Do you constantly wake up in the middle of the night, gasping for air? Do you have bruises on your arms or hips because your partner keeps elbowing you to get you to stop snoring? How often do you find yourself exiled to another room because “your snoring keeps me up at night”? An estimated 45 percent of adults snore occasionally. This phenomenon seems to be inevitable and inescapable. Snoring is a common occurrence. Let’s look at what snoring is and how it affects you.
Snoring is the process of forced air traveling past soft tissues, causing vibrations that escape as a snore. This occurs in the lifetime of everyone; it is natural. Additional factors to consider in snoring include how much alcohol you consume, nasal issues, and sleeping positions. These factors contribute to snoring by affecting how relaxed your throat muscles are. Alcohol consumption relaxes the throat muscles, causing restricted airways; nasal issues such as congestion contribute to less air intake; and lastly, sleeping on your back restricts the most air due to gravity. Snoring can be harmless, but sometimes it can have serious side effects detrimental to your health.
What Does Snoring Do?
As described above, snoring is a natural blockage of your airways. An issue you run into that can cause health problems is when your breathing outright stops. If your snoring is detrimental, you could experience bouts of total blockage, meaning your body is getting no air at all. Your brain keeps you alive by shocking your system with adrenaline to jolt you awake (ever so slightly) so you can continue to breathe. Imagine your body as an engine or machine. If your car remained turned off but had to work overtime to ensure the engine was operating correctly, it would eventually show signs of damage. When you went to turn it on, it would eventually cease to work, right? The same concept applies to our bodies. Our bodies are more complicated than engines, and they help regulate themselves — thankfully. The point is to maintain yourself just like you would your car. You can purchase a new car, but you can not purchase a new you!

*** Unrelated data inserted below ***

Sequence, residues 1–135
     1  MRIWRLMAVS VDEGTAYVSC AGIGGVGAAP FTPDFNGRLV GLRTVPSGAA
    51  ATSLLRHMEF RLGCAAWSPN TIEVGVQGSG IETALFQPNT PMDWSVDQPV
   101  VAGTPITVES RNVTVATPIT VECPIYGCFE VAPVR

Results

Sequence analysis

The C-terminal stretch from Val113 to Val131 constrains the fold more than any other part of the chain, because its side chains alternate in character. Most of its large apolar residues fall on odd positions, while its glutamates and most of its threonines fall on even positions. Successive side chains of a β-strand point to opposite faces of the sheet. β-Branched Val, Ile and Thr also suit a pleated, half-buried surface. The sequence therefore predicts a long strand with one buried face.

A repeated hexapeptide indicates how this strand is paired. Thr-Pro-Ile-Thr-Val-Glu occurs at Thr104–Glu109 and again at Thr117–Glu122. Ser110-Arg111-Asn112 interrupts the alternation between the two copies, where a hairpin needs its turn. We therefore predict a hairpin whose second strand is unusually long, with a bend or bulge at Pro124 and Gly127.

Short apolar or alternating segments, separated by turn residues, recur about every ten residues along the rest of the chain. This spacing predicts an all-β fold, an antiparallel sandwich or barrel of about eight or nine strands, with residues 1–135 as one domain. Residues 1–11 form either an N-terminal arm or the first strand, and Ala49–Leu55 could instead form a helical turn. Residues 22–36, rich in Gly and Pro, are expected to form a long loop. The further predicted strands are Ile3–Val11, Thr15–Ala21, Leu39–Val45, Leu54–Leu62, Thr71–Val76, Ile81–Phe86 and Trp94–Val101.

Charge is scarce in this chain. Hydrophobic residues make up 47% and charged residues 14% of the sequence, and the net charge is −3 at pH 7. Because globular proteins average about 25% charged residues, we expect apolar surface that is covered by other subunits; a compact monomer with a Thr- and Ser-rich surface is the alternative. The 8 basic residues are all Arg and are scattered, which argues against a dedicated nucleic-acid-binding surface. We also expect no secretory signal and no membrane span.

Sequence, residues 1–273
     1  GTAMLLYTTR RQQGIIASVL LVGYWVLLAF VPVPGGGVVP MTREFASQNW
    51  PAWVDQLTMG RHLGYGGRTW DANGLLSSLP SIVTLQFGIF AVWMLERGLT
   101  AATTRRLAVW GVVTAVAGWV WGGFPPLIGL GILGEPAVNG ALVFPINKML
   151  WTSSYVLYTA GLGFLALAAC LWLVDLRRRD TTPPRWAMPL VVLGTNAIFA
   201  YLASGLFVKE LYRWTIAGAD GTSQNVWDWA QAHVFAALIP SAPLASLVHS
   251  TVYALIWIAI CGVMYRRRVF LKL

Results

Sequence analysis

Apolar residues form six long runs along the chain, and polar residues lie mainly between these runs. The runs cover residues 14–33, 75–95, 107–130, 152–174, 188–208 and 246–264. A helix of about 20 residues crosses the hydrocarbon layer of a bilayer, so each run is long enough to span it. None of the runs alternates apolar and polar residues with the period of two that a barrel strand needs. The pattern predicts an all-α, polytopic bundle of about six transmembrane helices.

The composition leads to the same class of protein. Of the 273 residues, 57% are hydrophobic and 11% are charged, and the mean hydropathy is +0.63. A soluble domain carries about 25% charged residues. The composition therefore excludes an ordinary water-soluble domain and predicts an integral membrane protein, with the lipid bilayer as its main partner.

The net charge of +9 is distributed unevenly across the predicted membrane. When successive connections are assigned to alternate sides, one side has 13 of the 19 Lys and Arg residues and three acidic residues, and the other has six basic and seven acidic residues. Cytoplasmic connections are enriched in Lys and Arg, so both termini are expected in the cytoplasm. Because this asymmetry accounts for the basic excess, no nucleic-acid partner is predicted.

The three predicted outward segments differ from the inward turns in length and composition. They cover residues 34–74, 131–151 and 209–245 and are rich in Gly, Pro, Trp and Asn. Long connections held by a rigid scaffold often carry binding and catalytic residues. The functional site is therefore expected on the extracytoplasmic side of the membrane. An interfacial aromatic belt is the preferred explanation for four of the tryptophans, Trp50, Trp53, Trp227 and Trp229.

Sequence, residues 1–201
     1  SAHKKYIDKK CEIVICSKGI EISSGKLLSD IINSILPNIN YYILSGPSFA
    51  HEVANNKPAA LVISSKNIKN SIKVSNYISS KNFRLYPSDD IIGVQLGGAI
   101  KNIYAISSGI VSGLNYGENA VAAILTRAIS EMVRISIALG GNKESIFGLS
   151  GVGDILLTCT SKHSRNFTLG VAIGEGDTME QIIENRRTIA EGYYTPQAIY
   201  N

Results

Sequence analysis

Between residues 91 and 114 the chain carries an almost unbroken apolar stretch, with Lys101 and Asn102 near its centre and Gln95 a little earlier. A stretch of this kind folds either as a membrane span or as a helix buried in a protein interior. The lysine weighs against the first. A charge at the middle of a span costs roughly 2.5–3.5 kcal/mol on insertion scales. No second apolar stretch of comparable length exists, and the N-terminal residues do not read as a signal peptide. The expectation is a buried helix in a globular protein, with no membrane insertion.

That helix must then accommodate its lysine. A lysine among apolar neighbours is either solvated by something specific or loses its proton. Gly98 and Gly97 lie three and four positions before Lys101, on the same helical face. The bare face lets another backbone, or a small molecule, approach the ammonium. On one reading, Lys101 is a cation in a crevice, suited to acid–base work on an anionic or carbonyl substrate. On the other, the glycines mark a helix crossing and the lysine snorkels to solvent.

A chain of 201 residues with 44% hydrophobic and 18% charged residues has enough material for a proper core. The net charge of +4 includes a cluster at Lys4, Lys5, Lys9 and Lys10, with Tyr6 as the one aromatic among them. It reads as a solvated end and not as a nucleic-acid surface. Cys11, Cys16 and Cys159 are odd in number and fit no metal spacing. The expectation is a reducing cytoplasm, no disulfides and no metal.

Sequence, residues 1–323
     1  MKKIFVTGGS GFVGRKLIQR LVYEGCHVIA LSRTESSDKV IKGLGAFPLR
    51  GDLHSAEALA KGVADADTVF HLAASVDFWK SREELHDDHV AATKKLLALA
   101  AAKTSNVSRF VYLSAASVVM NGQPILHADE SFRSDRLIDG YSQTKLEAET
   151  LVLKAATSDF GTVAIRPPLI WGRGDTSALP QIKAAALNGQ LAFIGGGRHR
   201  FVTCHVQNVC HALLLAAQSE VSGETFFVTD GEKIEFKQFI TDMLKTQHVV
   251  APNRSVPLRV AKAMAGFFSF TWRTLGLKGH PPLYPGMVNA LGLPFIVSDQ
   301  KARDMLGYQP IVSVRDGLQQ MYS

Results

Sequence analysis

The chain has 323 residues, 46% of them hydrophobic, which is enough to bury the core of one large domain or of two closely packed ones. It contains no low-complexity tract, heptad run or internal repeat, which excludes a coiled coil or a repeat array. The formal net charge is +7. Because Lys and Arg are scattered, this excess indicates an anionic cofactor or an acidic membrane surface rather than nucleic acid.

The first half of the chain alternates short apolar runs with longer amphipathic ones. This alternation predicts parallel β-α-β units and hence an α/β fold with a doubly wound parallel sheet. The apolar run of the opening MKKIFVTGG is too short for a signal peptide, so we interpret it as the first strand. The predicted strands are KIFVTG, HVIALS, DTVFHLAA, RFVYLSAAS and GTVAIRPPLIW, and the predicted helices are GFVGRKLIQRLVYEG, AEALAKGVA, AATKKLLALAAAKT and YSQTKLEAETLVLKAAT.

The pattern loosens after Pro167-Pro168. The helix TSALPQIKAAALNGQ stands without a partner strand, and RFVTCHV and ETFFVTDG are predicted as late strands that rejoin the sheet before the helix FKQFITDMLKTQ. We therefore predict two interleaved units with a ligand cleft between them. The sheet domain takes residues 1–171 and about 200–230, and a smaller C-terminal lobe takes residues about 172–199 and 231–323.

Snoring In Closing
If you believe you are snoring too much or are concerned about your sleep health, contact your primary care provider or visit a sleep clinic. You can conduct a sleep test in the office or at home. Conduct a sleep test to find the best results on what is going on with you. Your snoring could be nothing, or it could be harmful. All it takes is some initiative! You could start sleeping better in no time. If your partner banished from the bedroom due to snoring, you may get an invitation to come back.
Did you enjoy this article? Check out this article on our sister site: Healthy Breakfast Options.
Life Insurance Questions?
We hope that this information on Snoring at Night was useful to you.
If you’d like to learn how we can help you plan your retirement, call Empower Brokerage at (888) 539-1633 to speak to one of our Life and Annuity experts or leave a comment down below.
See our other websites: